Czech higher education is underfunded, according to the newly released 2024 education budget, predicting a future lacking in teachers and researchers as the proposed salary fails to cover basic living expenses. 

The Ministry of Education announced that the 2024 education budget is CZK 269 billion. From the proposed draft, universities are expected to receive CZK 30.9 billion—the same as last year. Stagnant funding from year to year results in chronic deficits from the institutes.

Investment in higher education does not break-even when compared to salaries in academia, especially as the price of a Master or PhD degree in English is predicted to inflate by 15%. With the Czech Republic ranked as one of the most expensive countries in Central and Eastern Europe, graduates are discouraged from pursuing research or teaching as a career. 

Photo by: HP Nguyen

“There are outflows from all our faculties. Teachers are going abroad, but also to secondary schools, because our salaries are no longer competitive in some areas,” said Milena Kralickova, the rector at Charles University. 

A professor’s assistant earned CZK 44,500 per month, while the average salary of secondary school teachers was CZK 52,500, according to the Ministry of Education’s 2022 report. With research assistantships as the gateway to a full-time profession in academia, underfunding discourages graduates from pursuing a career in higher education.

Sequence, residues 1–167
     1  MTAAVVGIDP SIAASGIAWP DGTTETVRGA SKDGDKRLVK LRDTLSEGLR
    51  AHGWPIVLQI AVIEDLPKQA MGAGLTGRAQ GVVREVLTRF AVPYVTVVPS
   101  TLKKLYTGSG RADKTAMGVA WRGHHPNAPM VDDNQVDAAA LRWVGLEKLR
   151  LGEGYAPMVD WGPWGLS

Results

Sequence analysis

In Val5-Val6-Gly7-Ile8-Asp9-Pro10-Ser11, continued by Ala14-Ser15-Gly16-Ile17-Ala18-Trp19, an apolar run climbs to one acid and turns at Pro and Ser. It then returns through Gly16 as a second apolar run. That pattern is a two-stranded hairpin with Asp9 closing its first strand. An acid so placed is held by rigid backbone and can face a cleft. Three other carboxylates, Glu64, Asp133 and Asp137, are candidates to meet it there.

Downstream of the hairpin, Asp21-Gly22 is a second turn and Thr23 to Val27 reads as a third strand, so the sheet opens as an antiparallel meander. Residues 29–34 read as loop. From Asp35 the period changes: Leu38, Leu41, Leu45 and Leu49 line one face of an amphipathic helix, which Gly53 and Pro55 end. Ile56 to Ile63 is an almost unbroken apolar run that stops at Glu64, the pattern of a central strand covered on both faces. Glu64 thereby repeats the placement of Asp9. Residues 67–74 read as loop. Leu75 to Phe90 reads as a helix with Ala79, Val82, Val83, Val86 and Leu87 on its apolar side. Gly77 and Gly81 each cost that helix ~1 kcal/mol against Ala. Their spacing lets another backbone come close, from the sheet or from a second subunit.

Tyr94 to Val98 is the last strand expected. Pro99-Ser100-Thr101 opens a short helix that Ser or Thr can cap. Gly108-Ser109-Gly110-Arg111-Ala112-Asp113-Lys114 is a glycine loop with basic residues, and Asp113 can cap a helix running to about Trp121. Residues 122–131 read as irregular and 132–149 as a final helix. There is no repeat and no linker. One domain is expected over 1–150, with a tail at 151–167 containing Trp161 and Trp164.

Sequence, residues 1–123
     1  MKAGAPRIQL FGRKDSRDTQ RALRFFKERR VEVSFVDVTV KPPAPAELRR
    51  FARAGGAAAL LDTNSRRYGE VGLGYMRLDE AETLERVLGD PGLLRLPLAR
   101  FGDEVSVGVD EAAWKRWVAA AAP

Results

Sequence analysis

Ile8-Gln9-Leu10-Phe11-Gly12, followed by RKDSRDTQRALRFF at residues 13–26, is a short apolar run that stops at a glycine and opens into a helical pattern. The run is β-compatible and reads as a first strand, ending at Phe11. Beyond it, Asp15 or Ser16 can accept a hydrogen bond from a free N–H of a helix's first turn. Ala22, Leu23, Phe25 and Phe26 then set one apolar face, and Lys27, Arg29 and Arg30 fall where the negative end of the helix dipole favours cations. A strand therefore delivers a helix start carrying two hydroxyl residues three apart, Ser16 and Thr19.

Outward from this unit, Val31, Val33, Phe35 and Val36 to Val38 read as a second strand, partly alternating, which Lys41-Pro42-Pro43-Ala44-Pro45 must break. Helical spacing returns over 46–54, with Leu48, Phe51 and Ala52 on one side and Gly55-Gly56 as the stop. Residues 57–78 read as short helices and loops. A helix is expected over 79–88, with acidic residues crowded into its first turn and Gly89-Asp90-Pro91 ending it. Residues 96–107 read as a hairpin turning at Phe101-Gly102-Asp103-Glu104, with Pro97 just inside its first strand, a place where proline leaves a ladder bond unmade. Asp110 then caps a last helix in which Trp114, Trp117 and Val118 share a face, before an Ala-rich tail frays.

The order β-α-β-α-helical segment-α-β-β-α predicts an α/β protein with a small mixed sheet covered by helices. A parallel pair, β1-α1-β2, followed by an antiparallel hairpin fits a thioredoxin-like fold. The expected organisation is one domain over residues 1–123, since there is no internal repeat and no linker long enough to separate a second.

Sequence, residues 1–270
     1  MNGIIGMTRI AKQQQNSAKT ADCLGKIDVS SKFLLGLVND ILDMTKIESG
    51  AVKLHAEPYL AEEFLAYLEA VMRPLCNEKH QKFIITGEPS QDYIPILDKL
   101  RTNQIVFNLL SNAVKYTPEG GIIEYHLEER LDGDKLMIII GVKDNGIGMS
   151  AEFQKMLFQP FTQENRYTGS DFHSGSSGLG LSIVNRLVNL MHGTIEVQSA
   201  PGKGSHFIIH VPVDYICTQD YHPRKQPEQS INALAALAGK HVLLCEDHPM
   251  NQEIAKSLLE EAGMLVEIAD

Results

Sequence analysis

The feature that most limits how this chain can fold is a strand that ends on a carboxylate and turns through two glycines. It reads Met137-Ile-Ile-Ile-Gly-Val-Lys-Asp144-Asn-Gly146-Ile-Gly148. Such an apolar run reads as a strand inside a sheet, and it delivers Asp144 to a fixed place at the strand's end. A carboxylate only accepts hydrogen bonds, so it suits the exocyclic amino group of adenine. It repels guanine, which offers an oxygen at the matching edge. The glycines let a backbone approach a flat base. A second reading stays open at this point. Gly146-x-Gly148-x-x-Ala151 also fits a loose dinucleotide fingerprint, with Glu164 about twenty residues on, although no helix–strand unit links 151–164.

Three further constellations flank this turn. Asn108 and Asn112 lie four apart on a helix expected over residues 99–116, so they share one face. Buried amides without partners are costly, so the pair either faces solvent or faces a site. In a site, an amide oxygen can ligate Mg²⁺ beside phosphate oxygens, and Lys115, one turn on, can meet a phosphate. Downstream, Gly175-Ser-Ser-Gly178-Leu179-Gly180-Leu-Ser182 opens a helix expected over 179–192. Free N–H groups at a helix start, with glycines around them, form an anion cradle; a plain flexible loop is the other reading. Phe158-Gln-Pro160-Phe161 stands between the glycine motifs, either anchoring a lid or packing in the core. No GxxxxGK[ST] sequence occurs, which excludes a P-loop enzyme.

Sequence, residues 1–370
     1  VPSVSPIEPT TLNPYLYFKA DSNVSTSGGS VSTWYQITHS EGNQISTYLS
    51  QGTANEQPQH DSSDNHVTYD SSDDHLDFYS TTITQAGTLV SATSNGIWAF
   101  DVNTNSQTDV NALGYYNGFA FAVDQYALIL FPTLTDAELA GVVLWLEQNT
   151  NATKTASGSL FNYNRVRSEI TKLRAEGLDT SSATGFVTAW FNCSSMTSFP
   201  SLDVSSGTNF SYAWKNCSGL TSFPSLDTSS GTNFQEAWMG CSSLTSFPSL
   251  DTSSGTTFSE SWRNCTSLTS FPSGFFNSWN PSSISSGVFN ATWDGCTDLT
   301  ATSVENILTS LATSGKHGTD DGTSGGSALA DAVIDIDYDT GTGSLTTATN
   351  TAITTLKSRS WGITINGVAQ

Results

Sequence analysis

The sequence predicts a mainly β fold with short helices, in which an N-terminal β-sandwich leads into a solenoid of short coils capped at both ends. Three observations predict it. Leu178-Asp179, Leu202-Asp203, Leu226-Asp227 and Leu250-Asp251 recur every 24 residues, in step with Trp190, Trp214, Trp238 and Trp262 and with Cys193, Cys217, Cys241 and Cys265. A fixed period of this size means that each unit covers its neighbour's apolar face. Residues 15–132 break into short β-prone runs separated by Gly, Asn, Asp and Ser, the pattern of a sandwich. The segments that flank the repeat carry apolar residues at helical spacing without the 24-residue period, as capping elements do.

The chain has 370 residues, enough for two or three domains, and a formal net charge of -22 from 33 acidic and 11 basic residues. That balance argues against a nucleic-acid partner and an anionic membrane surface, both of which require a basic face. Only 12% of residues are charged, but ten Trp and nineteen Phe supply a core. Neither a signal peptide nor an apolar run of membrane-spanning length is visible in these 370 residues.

“A full-time researcher’s wage is comparable to a supermarket cashier. A similar position in Munich would pay four times the amount,” said a humanities research assistant. 

Czech institutions are incapable of competing internationally, where the average monthly wage is €1400. Public spending on tertiary education in the Czech Republic corresponds to 0.86% of GDP, while the EU average is 1.27%, according to Eurostat data.

Photo by: HP Nguyen

At the end of 2023, multiple protests demanded the Czech government’s immediate attention. The Hour of Truth initiative was the leading movement, stemming from the dissatisfaction with the 2024 budget. 

Thirteen faculties from nine different universities in the country participated in the Hour of Truth protest—eight of which were the Departments of Arts, Humanities and Social Sciences. Strikes surged nationwide, with the largest turnout from Charles University in Prague, followed by Palacky University in Movarian Olomouc. 

Photo by: HP Nguyen

“The brain drain within Charles University is unfortunately real, but not only from the Faculty of Arts; the entire sphere of universities is underfunded,” a protestor from Charles University said. 

In response to these disparities, the Ministry of Education proposes to develop a new budget with an additional CZK 800 million to alleviate the deficit. As the Hour of Truth unfolds, every response from the government is held accountable for further disruptive strikes if the demands are unmet.